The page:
THE MUSKET & THE CANE: A History of the Duhaime Family in North America traces the lineage of François Lemaître (our first ancestor in North America arriving in about 1651) in France to the arrival of Alexis Duhaime IV in Huntington in the 1800s. Historically significant incidents are explored in The Musket & The Cane such as Judith Rigaud's amazing and even controversial life.
Researched and written over a four year period, from 1992 to 1996, new or additional research material to share for future editions is always welcome as are any comments you might have (see Contact Info box below).
Acknowledgments to Carmen Lemaître-Duhaime (Laval-des-rapides, Quebec), Debbie Duheme and Gilbert Leger (Huntingdon, Quebec), Joe Dumond (Orangeville, Ontario), Eva Duheme, Mae Duheme (St. Anicet, Quebec), Lionel G. Duhaime (Fargo, Florida) and Wesley Duhame (Phoenix, Arizona)and my sister Christine Duhaime for generous access to their research material, photographs or support throughout this project.
Nous sommes tous descendants directs de Fiacre Lemaistre de la France et, évidemment, j'en suis très fière.
Lloyd Duhaime, July 16, 2013
The heritage, genealogy and family history of the Duhaime, Duhemme, Duheme, Duhême and Duhem family in North America is a tale of adventure and courage as must be the history of any person who survived in such difficult conditions.
This pioneer settler family of North America survived the gamut of fur traders, Indians, scalpings, wars and politics, to the Saint Lawrence River and points far West.
Surnames are as old as Roman civilization. Until DNA research becomes routinely available, it remains a primary source of research into family lineage .
But lineage research by surname is not infallible.
Except for the last hundred years, few could read, and fewer still could write. In that context, surnames have often been misspelled, usually to fit phonetics.
Even with a consistent spelling throughout history, the sources of contemporary family names vary widely.
A surname may have been originally assigned to distinguish a particular family, to identify a person by a physical or character attribute or a notable event of their lives or a field of endeavour in which they have excelled or, as in most cases, their territorial origins.
Jesus of Nazareth, Julius Caesar, Charles de Gaulle are just some examples of surnames that are derived from the territorial attachment of their holders.
To date, the definitive origin of the name Duhaime remains a mystery.
The presence of du in "Duhaime" tends to indicate a surname based on territorial origin as "du" means "from" in French. Je suis du Quebec means "I am from Quebec".
So if "du" means anything, and we submit that it does, our direct ancestors were from France; at least as of the Fourteenth Century.
Duhemme can be translated to mean from hemme.
There are several places in France which are known as Hem or Hemme.
A first clue to the origin of the surname of Duhaime, Duhemme or even Duhem may be found in the book written by archeologist N.E. Dionne entitled Origine des familles émigrées de France, D'Espagne, De Suisse, etc., pour venir se fixer all Canada, depuis la foundation de Québec jusqu'à ces derniers temps (transl: "Family Origins of French, Spanish and Swiss Immigrants to Canada, Since the Founding of Quebec and the Meaning of their Surnames")1:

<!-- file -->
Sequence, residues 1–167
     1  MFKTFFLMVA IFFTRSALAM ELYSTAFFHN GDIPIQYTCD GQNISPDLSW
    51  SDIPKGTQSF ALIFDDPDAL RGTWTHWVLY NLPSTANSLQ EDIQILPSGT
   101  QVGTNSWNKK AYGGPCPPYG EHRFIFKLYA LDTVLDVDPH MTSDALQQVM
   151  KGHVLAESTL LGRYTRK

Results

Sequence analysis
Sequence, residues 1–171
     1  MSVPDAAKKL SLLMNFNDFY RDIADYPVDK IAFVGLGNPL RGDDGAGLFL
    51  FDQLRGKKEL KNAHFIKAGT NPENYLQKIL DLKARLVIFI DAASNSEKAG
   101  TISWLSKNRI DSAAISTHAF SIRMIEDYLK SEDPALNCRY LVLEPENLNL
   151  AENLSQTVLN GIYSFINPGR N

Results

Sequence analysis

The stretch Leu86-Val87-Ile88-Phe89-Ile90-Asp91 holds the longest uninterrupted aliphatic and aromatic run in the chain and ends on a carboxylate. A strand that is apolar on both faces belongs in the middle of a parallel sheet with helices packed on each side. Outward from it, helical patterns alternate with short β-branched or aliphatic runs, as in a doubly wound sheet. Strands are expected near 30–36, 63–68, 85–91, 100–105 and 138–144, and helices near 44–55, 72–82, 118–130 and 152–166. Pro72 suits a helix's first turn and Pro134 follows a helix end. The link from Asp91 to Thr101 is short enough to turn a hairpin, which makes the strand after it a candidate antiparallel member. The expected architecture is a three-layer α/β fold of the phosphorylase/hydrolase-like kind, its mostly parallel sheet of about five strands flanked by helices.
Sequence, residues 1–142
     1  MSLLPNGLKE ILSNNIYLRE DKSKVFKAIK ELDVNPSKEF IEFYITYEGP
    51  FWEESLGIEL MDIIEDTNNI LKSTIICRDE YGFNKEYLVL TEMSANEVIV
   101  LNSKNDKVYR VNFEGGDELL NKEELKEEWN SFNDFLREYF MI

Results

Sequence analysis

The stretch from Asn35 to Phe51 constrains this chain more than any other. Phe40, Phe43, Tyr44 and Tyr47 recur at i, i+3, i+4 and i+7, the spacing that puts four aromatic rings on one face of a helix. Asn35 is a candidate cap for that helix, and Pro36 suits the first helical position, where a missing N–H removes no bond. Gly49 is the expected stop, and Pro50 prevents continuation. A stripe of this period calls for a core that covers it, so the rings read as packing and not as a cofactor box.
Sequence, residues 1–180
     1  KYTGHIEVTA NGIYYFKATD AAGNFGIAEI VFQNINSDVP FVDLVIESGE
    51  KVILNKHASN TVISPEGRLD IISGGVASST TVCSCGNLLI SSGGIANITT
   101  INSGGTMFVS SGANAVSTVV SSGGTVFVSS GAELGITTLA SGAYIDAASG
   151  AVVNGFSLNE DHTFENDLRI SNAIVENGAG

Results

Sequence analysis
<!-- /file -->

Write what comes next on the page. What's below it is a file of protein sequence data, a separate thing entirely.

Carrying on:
Duhemme: Hem. bourg et marquisat de Flandres, dep. du Nord, a 2 lieues de lille. (transl: "Hem. town in the region of Flanders, North county. 2 "lieues" from Lilles").
Two other publications on the origins of surnames repeat this theory:
Duhem, "originaire du Hem", n. du lieu du Nord (transl: "Duhem, native of Hem, northern part of the North county").2
Duhem, originaire du Hem (Nord), comm. d'Auchy ou de Hem (Somme), comm. d'Amiens (v.h.a. ham, courbure dans une rive, langue de terre avançant dans les marais, moy. néerl. hem, piece de terre entourée d'un fossé.”3
This is persuasive evidence that the name comes from northern France, and was derived to identify those that came from Hem.
Other signs point to the little village of Hem, some 15 miles east of Lille (precisely "a 2 lieues de Lille") and just south of Roubaix in the Flanders region of France, as the origin of Duheme.
There are several theories as to where the word Hem comes from. Consider that of a Belgian historian who suggests that Hem comes from the word Hamma which means a strip of land that protrudes onto flooded land. The present town of Hem, France lay, prior to 1741, just south of an enormous marsh, or a hem, some 42 sq/km in size".4 The marsh was drained in 1741 to allow for rural development.
One of the first spellings of Hem was Ham.
Another specialist from France, suggests that Hem is a derivative of the Flemish word Heim which means refuge, home or house. This word influenced the English word ham such as in Birmingham.
The family name of Duhem is still quite common in France. Esp[ecially, there are an unusual large number of Duhem's in the phone books of Lille and Hem.5
Another similar local name is Duhesme which is phonetically identical to Duhem.
But the North American descendants of the Duhaime or Duhem lineage are not connected by blood to the Duhems of France.
Our heritage is not that of Duhem, but of Le Maistre.
While the surname may have come from Hem, the family bloodline does not, as we shall see.